When you are at school, the whole world seems to exist in its own little bubble. There were many times I remained oblivious to what was going on in the world, only able to scan the New York Times every couple of days, relying on WILG’s resident Course 17s to explain to me the riots/reforms/goings-on in the Middle East, a Japanese student group to hear about the earthquake in Japan or election signs popping up outside of Kresge. The world consists of problem sets, papers, alarm clocks, and in my case, rowing regattas.
This summer is the first I’ve spent outside of academia. Although my past two summers were spent in a variety of locales (take advantage of MIT’s willingness to pay for you to travel) including England, Holland, Uganda, Boston and Mexico City, this is the first I feel I have really ventured into the real world, or what the real world may hold for me in the future.
I am spending the summer in Bend, OR, a small city of 80,000, but the largest city in Central Oregon. It is traditionally the play place of skiers, campers, kayakers, rafters and those on the hunt for the perfect microbrew, but this summer it is my home while I am interning with Kittelson & Associates. Kittelson is a transportation planning and engineering consulting firm based out of Portland, OR, but with eight other offices around the country.
My real world summer started with a 1,000 mile drive from Colorado to Oregon. Central Oregon is pretty isolated and it was inevitable that I would need a car. But the car was in Colorado, I was in Cambridge, and my job was in Oregon. So that began my cross-country adventure. I’ve taken plenty of road trips in my time, but then tended to be on well-defined routes. To my grandparents in Utah or Arizona, depending on the season, or to regattas in the mid-West. My 1,000 mile adventure was my first solo road trip and my first time venturing into Idaho and Oregon.
Other real world aspects of my summer involved finding a place to live. To Craigslist it was. After crossing off hundreds of ads looking for long-term roommates (I have places to be in the fallâ€¦) or listing cats as one of the roommates (that could make for an unpleasant summer), I found the house I am currently living in. It is strange to live in a house with a yard, and utilities, and your own kitchen.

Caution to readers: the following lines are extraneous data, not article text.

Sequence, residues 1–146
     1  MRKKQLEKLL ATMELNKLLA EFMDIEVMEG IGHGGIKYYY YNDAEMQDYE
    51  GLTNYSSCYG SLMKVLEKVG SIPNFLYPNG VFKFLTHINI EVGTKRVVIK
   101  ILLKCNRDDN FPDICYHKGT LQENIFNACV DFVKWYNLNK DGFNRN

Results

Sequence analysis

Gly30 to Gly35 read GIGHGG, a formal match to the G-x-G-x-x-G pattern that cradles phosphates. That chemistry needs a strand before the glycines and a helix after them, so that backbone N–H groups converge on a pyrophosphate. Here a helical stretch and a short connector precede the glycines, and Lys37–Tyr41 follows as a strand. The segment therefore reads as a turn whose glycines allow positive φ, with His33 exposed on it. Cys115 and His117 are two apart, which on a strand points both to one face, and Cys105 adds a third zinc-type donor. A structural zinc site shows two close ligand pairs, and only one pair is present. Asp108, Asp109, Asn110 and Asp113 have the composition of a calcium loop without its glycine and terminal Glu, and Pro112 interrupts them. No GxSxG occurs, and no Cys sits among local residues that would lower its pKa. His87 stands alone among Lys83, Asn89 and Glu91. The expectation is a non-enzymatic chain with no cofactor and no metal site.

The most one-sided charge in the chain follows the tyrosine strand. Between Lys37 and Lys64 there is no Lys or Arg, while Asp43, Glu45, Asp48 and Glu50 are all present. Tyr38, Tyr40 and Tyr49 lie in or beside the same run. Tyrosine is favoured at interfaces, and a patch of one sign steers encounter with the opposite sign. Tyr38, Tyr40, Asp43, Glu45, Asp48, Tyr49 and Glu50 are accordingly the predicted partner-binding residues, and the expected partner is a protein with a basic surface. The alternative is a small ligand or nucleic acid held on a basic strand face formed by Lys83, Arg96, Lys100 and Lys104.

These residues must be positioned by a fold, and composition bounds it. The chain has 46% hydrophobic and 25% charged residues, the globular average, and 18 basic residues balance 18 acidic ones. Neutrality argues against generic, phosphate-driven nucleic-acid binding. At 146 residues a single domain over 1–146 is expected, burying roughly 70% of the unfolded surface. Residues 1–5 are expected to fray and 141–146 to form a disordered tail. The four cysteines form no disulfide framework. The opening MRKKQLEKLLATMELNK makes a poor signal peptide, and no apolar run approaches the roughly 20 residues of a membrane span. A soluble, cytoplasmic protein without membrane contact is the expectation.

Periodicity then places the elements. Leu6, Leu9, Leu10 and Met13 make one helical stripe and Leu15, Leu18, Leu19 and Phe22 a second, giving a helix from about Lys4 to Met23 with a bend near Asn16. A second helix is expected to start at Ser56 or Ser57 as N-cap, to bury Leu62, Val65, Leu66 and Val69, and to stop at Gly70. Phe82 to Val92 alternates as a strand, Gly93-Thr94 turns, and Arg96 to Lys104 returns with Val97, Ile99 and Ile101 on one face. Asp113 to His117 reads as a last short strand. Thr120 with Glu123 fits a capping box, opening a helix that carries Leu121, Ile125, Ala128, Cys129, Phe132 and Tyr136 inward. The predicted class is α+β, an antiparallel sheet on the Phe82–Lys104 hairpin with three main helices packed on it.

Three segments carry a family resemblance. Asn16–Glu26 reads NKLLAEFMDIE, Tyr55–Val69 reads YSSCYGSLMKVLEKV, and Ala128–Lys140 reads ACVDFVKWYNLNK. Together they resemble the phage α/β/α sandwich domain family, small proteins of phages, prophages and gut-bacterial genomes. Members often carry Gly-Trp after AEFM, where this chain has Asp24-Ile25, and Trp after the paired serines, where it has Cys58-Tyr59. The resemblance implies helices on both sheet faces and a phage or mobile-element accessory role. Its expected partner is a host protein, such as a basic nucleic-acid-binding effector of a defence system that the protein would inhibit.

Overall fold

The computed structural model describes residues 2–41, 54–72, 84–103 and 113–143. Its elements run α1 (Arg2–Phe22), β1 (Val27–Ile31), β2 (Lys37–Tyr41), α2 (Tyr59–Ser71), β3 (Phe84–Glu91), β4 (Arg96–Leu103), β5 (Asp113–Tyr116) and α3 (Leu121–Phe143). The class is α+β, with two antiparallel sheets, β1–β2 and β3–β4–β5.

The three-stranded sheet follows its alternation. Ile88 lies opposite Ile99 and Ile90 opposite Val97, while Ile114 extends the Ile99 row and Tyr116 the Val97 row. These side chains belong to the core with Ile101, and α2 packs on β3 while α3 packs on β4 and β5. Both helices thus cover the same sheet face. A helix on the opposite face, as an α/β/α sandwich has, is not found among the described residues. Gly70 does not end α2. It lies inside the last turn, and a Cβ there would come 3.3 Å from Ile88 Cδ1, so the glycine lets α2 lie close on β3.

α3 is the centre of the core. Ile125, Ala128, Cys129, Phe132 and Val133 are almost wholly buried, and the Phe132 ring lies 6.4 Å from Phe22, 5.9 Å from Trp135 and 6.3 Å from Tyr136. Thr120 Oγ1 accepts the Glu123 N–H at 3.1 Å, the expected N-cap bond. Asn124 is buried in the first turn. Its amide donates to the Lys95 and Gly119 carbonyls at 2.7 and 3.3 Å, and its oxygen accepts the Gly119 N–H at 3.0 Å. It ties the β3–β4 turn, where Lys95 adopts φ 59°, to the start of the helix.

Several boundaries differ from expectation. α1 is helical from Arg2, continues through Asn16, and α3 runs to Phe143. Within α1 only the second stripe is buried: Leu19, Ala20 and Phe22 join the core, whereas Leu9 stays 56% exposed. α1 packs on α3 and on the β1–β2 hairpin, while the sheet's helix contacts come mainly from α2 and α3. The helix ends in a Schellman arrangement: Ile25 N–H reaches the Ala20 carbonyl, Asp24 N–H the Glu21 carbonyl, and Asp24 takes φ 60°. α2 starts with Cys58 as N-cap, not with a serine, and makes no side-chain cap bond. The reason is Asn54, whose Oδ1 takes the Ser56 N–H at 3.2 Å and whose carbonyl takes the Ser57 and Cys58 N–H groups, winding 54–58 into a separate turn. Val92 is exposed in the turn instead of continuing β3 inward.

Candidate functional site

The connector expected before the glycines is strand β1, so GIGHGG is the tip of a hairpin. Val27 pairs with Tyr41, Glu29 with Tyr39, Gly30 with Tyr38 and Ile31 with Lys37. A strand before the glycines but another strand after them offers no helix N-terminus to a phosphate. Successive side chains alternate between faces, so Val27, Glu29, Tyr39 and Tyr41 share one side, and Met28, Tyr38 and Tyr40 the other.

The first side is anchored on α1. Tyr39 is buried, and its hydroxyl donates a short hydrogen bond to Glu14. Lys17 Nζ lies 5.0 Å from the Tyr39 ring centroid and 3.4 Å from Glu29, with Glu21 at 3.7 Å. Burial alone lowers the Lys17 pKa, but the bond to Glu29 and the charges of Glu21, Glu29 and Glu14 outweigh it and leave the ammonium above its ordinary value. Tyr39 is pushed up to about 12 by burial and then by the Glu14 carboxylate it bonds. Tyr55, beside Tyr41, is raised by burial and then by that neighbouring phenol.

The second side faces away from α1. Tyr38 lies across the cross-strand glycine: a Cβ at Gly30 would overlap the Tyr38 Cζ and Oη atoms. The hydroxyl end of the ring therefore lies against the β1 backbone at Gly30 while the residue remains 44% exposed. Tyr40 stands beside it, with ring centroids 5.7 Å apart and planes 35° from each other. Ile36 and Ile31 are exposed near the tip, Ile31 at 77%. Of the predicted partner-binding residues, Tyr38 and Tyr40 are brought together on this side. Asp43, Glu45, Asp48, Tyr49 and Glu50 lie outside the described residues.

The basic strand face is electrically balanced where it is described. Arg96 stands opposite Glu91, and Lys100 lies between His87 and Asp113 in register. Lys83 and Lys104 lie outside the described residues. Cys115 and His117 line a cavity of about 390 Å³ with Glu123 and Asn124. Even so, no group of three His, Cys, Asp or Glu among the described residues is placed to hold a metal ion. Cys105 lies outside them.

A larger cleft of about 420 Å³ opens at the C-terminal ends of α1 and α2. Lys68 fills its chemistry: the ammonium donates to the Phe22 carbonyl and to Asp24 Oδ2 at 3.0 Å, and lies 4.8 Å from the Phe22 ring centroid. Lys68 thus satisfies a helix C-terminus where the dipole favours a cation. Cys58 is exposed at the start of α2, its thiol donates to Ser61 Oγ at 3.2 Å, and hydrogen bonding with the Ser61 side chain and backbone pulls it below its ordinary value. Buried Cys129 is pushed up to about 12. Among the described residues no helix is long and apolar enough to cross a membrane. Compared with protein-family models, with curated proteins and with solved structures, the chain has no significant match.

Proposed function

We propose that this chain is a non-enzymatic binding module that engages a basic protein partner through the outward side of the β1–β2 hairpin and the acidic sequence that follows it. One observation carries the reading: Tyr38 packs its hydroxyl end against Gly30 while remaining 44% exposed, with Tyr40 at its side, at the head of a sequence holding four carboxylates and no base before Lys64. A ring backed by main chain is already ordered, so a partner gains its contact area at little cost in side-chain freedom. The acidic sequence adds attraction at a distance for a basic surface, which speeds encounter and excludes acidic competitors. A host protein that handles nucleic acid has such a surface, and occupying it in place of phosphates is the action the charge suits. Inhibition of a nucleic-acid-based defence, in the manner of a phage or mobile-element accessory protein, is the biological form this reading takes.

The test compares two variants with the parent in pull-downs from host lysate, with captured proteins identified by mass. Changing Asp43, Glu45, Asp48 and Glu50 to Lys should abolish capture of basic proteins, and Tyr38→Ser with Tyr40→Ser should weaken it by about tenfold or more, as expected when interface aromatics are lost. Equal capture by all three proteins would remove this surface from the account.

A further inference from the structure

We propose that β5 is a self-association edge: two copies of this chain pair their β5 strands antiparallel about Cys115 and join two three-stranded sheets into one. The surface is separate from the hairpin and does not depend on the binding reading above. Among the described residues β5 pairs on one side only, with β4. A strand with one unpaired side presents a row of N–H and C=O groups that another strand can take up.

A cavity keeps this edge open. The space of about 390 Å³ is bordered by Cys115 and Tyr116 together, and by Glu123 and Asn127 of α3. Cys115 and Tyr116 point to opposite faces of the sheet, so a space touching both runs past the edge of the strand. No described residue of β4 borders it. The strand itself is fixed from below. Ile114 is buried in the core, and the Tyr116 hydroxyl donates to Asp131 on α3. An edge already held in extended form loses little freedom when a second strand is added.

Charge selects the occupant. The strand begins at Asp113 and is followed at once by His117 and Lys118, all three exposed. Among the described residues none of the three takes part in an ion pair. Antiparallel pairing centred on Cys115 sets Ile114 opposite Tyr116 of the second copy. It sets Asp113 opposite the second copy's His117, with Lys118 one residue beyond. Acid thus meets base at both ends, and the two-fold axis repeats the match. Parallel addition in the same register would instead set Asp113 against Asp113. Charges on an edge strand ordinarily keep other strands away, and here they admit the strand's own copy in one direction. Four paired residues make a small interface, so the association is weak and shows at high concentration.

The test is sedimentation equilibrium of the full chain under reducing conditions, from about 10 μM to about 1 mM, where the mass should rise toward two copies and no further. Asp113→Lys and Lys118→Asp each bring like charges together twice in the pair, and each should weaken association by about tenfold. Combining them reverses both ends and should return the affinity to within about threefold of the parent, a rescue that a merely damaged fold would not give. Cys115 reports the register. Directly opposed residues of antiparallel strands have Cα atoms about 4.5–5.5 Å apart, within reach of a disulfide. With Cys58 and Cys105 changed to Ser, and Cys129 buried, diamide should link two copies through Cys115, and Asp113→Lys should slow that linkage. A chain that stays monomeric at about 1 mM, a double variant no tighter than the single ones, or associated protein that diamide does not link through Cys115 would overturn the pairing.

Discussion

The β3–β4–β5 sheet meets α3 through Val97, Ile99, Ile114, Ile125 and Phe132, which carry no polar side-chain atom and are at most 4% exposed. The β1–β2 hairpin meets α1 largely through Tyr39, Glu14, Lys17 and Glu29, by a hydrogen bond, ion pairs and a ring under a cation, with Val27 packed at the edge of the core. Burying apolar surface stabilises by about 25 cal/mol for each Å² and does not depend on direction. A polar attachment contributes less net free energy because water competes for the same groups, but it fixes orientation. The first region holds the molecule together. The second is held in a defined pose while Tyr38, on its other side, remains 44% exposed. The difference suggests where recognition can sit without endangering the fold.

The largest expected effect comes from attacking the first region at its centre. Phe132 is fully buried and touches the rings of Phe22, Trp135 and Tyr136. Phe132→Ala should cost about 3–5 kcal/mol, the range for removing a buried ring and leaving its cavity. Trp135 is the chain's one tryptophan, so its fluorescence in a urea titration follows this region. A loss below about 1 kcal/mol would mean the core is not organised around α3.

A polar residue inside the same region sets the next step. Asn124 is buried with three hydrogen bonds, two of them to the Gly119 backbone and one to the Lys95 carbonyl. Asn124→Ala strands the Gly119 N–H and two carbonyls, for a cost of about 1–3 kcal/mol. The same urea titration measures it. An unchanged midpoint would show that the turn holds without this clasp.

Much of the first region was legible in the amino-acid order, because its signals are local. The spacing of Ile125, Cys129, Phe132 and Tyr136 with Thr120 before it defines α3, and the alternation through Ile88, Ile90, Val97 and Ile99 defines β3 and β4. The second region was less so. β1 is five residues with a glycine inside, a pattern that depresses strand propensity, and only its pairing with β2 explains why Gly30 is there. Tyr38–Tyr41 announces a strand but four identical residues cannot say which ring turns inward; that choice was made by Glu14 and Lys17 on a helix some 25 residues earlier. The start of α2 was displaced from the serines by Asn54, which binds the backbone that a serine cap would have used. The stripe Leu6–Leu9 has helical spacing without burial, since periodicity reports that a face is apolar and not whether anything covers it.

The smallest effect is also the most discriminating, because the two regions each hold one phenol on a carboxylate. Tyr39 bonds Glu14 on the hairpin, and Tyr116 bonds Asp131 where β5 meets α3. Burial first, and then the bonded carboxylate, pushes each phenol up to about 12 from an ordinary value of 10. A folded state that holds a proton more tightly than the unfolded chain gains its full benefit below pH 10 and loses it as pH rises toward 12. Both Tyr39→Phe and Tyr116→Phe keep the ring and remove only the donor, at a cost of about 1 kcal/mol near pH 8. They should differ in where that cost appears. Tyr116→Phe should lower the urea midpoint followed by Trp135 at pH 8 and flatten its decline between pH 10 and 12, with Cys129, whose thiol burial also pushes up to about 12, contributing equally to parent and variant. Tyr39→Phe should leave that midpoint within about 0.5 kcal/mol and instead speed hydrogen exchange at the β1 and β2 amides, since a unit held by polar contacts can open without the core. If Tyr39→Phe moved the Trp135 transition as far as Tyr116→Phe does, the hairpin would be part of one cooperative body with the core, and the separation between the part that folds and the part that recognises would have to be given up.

The most real world part of my summer might have to be my job though. It is strange not to be in school and to be working on real projects. That is what internships are for though. I have probably learned just as much in the past three weeks as I have at MIT, though the knowledge is very different. I have learned about working with clients and running meetings. I have learned about what it is like to work in an office, to bill your time, to interact with people at different levels within a company. And of course, I have learned about transportation.
A question I get asked a lot is what exactly transportation engineering is. Transportation engineering involves looking at who and how many people are going where, what mode they are traveling by, and what route they are taking to get there. It looks at all forms of transport: cars, transit, bikes and pedestrians. It includes deciding on road striping and signage, to forecasting future travel demand (how many people will want to go here in the future). It is intrinsically intertwined with urban planning because people always need to go somewhere.
I am interested in transportation because it involves people and something they use every day, but rarely take the time to think about. When transportation systems work, people don’t think about them, but when they don’t, they complain. A successful transport network enables cities to function and people to get from point A to point B.
Even though I knew I was interested in transportation, I had never realized the extent to which systems must be engineered. I have been exposed to so many new things so far this summer, at work as well as outside. I’m looking forward to continuing to explore the field, and to get to know my adopted home for the summer.